The weakest aspect of the film narratively is that it has a solitary supernatural element that crops up occasionally throughout the film. Sometimes Miwa's doll of Hawaiian's mascot talks to her. While the existence of the talking plushy is explained by the time the final credits roll, the clash between it and the grounded reality portrayed in every other aspect of the film is more than a bit jarring. Worse still, it's not even vital to the plot—it is so unconnected to the rest of the film that it could be removed completely with little issue. The talking doll would have been better incorporated into the story as something in Miwa's dreams rather than something that is actually happening.

On the visual side of things, the film has a problem common in many modern anime about idols, dancers, and singers: a clash of 2D and 3D animation. For the most part, the characters are animated in 2D animation. However, once they get up on stage and begin to dance, everything is replaced with 3D models. While I wouldn't call the 3D animation bad in any sense, it is nonetheless obvious whenever the change in animation style occurs. The onstage dances are also clumsily integrated into the narrative—it feels like the plot has been interrupted for a three-minute music video every time it happens.

On the audio side, things fare much better. With dance being such an important part of the plot and setting, we get several classic Hula tunes as well as some current-sounding J-pop inside the movie's world. The film's score is likewise competent with its non-diegetic music, which does its job of bringing the right kind of emotion to the film's biggest moments.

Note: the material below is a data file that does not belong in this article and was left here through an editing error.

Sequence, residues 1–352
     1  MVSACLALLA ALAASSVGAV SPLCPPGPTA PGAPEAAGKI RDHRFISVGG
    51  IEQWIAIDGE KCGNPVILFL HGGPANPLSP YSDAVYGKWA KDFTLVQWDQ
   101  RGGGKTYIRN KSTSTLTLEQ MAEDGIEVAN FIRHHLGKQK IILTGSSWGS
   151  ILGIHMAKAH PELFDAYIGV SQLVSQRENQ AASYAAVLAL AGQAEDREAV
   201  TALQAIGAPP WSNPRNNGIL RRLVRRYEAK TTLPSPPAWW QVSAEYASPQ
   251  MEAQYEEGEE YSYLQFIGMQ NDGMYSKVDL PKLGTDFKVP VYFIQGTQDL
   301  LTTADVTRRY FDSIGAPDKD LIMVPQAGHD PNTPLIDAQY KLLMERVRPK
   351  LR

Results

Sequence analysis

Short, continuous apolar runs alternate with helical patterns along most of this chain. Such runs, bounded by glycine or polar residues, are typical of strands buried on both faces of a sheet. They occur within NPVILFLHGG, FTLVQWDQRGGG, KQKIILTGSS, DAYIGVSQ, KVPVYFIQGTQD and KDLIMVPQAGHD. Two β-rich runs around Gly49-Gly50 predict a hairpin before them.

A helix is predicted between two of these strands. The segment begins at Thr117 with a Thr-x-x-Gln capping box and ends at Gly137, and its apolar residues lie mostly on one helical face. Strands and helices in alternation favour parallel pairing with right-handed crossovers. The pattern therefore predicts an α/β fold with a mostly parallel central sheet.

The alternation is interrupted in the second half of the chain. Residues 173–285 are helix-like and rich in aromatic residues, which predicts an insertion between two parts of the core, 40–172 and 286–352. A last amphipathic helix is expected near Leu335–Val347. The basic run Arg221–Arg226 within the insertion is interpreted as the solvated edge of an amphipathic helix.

All in all, Hula Fulla Dance is a decent coming-of-age film with a solid message about facing problems as a group instead of trying to bear them alone. However, other than the (admittedly fascinating) look into the world of professional Hula dancing in Japan, there's not much that makes the film stand out. The story, while competent, is largely predictable and the clashing of 2D and 3D visuals unfortunately pulls you out of the film. It's certainly worth a watch to anyone interested in Hula—or how a non-native dance has become a central part of life in a Japanese theme park—but a timeless classic this is not.

Overall : C+
Story : C+
Animation : B-
Art : A-
Music : B

+ A deep dive into the world of professional Hula dancing in Japan and the life surrounding it.
Predictable story, clashing 2D/3D animation, unneeded supernatural element.

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Production Info:
Chief Director: Seiji Mizushima
Director: Shinya Watada
Screenplay: Reiko Yoshida
Music: Michiru Oshima
Character Design: Hiroko Yaguchi
Art Director: Kaori Hino
Sound Director: Eriko Kimura
Director of Photography: Yoichi Ogami

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Hula Fulla Dance (movie)